Social media and body image have a complicated relationship. On one hand, #BodyPositivity is trending and its message is powerful. On the other hand, “you could stand to change a few things” is coming at our kids hard. For example, Insider.com created a TikTok account, set the age at 14, and waited to see how long it would take for a video featuring plastic surgery to appear on the account’s “For You” page.
Eight minutes. It took 480 seconds for the algorithm to decide a video of plastic surgery should be “relevant” to a 14-year-old. So while kids today are seeing much healthier body images than we did when we flipped through Teen Magazine or watched MTV, there are still 3 big ways our kids are receiving mixed messages.
1. That Darn Algorithm
Searching #BodyPositivity will bring up beautiful bodies of all types. You’ll see scars, cellulite, fat rolls, stretch marks, prosthetic limbs, and lots of smiles. If this movement had been around when I was 12, I think I would’ve felt so much more secure in my skin.
Where it gets complicated is that the algorithm on TikTok in particular will feed your kid images not only based on what she likes, but also on what the general population likes and that’s often a perfectly-styled influencer with an hourglass figure, shiny hair, and flawless skin.
2. The “Healthy Obsession” Oxymoron
I subscribe to a fitness streaming program and one of the workouts has the word “obsession” in the title. The public came down hard on the trainer for this, saying any body-related obsession is a bad one. That’s a nuanced conversation, for sure.
As a mom, it’s my responsibility to monitor my kids’ social media intake. Even the good stuff—the positive images and the self-love—can cause users to think about themselves to the point of obsession.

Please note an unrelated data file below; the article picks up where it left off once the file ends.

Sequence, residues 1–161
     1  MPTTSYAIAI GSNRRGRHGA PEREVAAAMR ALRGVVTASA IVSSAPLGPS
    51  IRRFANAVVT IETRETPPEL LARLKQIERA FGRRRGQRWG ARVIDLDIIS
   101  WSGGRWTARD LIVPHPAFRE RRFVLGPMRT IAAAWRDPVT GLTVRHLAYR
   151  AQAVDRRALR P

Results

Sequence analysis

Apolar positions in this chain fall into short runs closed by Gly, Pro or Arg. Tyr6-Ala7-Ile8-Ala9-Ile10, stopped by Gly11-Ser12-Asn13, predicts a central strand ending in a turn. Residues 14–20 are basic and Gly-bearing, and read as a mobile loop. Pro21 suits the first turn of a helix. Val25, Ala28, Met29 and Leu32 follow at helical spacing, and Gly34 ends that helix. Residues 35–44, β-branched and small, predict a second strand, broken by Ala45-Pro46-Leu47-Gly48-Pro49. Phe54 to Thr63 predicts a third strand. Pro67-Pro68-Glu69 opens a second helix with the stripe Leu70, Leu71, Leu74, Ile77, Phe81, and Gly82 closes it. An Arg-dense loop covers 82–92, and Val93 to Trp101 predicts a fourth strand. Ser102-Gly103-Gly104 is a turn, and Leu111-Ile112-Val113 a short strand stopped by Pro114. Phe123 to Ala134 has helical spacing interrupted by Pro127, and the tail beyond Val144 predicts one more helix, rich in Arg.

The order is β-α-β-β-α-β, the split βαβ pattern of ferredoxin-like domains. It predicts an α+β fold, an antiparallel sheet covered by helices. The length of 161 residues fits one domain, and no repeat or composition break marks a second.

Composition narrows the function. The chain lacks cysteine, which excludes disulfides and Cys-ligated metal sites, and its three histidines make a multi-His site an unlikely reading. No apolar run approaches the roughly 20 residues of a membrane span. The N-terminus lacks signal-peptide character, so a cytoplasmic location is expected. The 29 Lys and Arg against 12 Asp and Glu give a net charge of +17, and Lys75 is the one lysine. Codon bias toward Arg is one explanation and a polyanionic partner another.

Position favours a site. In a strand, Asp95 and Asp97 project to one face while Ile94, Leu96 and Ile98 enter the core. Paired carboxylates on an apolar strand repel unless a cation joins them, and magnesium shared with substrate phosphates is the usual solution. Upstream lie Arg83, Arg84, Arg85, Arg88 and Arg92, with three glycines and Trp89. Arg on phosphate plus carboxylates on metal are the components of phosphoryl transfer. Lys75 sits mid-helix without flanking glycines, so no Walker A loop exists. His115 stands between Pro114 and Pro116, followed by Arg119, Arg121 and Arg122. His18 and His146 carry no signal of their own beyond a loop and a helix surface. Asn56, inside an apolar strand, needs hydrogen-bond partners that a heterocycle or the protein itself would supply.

3. Body Positivity as a Goal
If I look in the mirror and think a negative thought, have I failed at body positivity? Do our kids believe that the only way to be “well” is to always be happy with what they see in the mirror? The reality is, some days we aren’t happy with the way our bodies look—but that doesn’t make us unwell. It makes us human.
A different approach would be body acceptance, which leaves space for negative thoughts, but challenges us to question why and from where those thoughts are coming. Body acceptance is like rehabbing a house by looking inside the walls while body positivity is more like putting on a fresh coat of paint. Both lead to something beautiful, but the exploratory work of body acceptance promotes healthier insides.
Body acceptance is like rehabbing a house by looking inside the walls while body positivity is more like putting on a fresh coat of paint.
So what do we do?
The relationship between social media and body image is a great topic to discuss with your kids. Find out who they follow and why. Ask if they see themselves represented in the photos. Ask them if they end up feeling better or worse after they’ve scrolled through their platform of choice. Discuss the difference between body positivity and body acceptance.
What’s your take on the body positivity movement?